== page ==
Tuesday Sep 10, 2019
TEHRAN: Iran came under fire over its anti-women laws after the famed 'blue girl' died early Tuesday of self-immolation in fear of being jailed, triggering calls for an end to a ban on women attending matches.
Dubbed "blue girl" because of the colours of Esteghlal FC, her favourite football team, Sahar Khodayari, 30, set herself on fire outside the court last week after hearing someone there say she would be going to prison for six months.
Khodayari was arrested early last year when she tried to enter a stadium dressed as a man to watch Esteghlal, the Varzesh 3 sports news outlet said, citing her sister.
Though Iran announced to probe the brave woman's death, according to state media, the Islamic Republic has barred Iranian women spectators from football and other stadiums since 1981, with clerics arguing they must be protected from the masculine atmosphere and sight of semi-clad men.
The judiciary's Mizan Online website said a young woman had been arrested when she tried to enter a stadium and faced charges of offending "public chastity and insulting" law enforcement officers.
Citing an informed judiciary official, it said no sentence had been issued since there had been no trial and the judge was away on leave.
Separately, the state-run Iran newspaper reported that the vice president for women and family affairs, Masoumeh Ebtekar, had asked the judiciary to look into the case in a letter.
The reported death sparked an outcry online, where many using the hashtag #blue_girl called on the world football's governing body, FIFA, to ban Iran from competitions.
Pictures said to be of her in hospital covered in heavy bandages have been shared widely on social media.
Iranian football legend Ali Karimi urged his 4.5 million Instagram followers to boycott stadiums. "The women of our land are better than men," he wrote alongside an image of a woman with a football for a heart and flames over her head.
FIFA, on the other hand, said it was "aware of that tragedy and deeply regret it", it said in a statement. "FIFA... reiterate our calls on the Iranian authorities to ensure the freedom and safety of any women engaged in this legitimate fight to end the stadium ban."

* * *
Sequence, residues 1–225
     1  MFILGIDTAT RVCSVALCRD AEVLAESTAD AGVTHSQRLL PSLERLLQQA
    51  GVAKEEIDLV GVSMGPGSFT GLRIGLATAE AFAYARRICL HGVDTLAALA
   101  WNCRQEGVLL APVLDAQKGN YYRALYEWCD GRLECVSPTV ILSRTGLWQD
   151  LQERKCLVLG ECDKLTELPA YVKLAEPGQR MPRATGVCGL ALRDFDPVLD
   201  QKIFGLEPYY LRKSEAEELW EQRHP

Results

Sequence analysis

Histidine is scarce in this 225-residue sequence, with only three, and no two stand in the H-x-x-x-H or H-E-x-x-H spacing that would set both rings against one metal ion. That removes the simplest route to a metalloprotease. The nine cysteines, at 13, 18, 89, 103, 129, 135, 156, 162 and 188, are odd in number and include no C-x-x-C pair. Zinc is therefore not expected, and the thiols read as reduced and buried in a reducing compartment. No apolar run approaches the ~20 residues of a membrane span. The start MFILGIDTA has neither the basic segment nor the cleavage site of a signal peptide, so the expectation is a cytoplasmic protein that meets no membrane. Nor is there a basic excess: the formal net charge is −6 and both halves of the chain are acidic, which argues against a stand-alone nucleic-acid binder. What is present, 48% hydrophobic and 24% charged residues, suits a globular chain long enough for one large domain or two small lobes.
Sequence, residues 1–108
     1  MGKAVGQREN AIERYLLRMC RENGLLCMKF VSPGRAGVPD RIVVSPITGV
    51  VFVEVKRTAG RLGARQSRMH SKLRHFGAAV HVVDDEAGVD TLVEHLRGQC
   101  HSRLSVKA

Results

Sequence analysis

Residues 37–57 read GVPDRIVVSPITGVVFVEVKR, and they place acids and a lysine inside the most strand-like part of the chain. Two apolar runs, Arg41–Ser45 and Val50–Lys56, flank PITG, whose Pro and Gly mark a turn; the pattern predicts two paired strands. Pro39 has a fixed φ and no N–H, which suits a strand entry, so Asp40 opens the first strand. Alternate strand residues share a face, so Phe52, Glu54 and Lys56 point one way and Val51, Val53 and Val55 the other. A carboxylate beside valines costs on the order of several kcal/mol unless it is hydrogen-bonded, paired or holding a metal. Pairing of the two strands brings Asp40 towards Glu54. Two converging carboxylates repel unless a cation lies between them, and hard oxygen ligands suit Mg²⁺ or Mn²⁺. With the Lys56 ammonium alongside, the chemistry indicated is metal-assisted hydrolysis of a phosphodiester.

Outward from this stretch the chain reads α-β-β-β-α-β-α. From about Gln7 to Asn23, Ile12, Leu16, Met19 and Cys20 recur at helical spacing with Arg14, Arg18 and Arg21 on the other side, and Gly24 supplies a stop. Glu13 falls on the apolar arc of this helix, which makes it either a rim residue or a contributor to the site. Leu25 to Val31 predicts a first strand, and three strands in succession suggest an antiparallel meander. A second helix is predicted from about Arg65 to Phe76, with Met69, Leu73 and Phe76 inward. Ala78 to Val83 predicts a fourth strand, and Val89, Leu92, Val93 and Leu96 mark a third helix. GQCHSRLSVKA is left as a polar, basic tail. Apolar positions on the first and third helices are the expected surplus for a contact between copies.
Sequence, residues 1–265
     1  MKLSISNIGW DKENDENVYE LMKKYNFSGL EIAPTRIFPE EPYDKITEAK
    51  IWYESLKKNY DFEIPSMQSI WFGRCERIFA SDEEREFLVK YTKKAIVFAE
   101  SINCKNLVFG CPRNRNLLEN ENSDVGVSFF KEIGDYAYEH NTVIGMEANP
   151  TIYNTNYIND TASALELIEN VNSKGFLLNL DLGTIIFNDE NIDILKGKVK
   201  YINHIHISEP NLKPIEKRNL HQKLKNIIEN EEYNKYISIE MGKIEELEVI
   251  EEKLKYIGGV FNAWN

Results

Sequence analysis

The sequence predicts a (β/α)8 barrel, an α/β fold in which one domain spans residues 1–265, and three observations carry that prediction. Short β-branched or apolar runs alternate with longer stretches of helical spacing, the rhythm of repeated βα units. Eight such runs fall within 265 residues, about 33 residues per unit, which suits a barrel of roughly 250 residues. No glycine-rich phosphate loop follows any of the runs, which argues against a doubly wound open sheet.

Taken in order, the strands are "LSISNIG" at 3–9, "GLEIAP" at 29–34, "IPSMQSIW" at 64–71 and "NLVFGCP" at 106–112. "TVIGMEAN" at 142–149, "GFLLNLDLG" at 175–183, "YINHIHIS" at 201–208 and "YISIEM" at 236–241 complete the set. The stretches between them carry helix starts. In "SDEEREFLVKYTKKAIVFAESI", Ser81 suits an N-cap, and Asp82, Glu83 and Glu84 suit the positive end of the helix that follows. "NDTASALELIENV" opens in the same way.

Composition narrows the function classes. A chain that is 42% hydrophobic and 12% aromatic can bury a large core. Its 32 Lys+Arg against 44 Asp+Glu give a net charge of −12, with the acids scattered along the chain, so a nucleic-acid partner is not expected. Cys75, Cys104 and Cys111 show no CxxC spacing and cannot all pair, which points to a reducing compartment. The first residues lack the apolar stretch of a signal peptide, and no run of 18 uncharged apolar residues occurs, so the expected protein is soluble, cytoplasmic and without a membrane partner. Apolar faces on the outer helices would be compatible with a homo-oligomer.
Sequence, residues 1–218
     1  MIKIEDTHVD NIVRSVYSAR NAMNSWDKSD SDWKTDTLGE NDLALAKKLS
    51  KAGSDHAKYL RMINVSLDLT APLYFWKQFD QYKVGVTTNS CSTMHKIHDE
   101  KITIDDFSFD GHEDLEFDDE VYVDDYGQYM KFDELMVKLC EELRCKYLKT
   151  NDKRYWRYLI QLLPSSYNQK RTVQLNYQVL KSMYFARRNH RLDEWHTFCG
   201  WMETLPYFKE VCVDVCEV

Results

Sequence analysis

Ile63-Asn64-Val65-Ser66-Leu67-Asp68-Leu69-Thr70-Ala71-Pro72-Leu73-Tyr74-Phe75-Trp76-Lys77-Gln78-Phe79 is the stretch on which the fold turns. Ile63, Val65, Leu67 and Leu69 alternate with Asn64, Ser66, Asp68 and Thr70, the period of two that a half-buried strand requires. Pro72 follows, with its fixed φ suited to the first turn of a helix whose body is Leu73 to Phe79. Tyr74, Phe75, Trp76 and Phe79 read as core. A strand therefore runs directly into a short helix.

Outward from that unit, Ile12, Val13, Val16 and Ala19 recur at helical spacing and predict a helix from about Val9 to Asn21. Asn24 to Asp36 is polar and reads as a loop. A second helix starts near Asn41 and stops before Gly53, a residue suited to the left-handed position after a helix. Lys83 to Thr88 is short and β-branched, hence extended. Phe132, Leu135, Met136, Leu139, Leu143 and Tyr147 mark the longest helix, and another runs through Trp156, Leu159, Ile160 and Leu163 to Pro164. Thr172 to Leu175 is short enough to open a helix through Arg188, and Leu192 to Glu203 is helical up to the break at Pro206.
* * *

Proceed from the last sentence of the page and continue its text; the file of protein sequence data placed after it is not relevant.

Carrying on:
Amnesty International called her death "shocking" and issued a similar call from London.
"Khodayari would still be alive if it were not for this draconian ban and the subsequent trauma of her arrest, detention and prosecution for attempting to circumvent it," said Amnesty's Philip Luther.
"Her death must not be in vain. It must spur change in Iran if further tragedies are to be avoided in the future."
Esteghlal expressed sorrow over her death.
"The tragic death of our beloved child, Ms. Sahar Khodayari, has caused much sadness and regret for Esteghlal FC," the club said. "We offer condolences to you and your relatives, ask God for mercy and forgiveness and also patience and health for your family and all soccer fans."
The judiciary's news website said Khodayari's body had been handed over to her family, who live in Qom, south of Tehran.
Iran has come under pressure from FIFA to allow women to attend qualifiers for the 2022 World Cup and was reportedly given a deadline of August 31 to comply.
The Iranian sports ministry said last month that women fans would be allowed into the stadium when Team Melli — as the national team are known — play their next home qualifier.
"Women can go to the Azadi stadium on October 10" to watch the match against Cambodia, the sports ministry's deputy for legal and provincial affairs, Jamshid Taghizadeh, was quoted as saying at the time.
The ban on women in stadiums is not written into law or regulations, but is "ruthlessly enforced", said Human Rights Watch, calling it a "clear violation of the rules in FIFA".
The authorities in Iran have allowed foreign women to go to matches in the country in the past.
While a small number of Iranian women have attended select international matches on previous occasions, others have faced prosecution for entering stadiums at other times.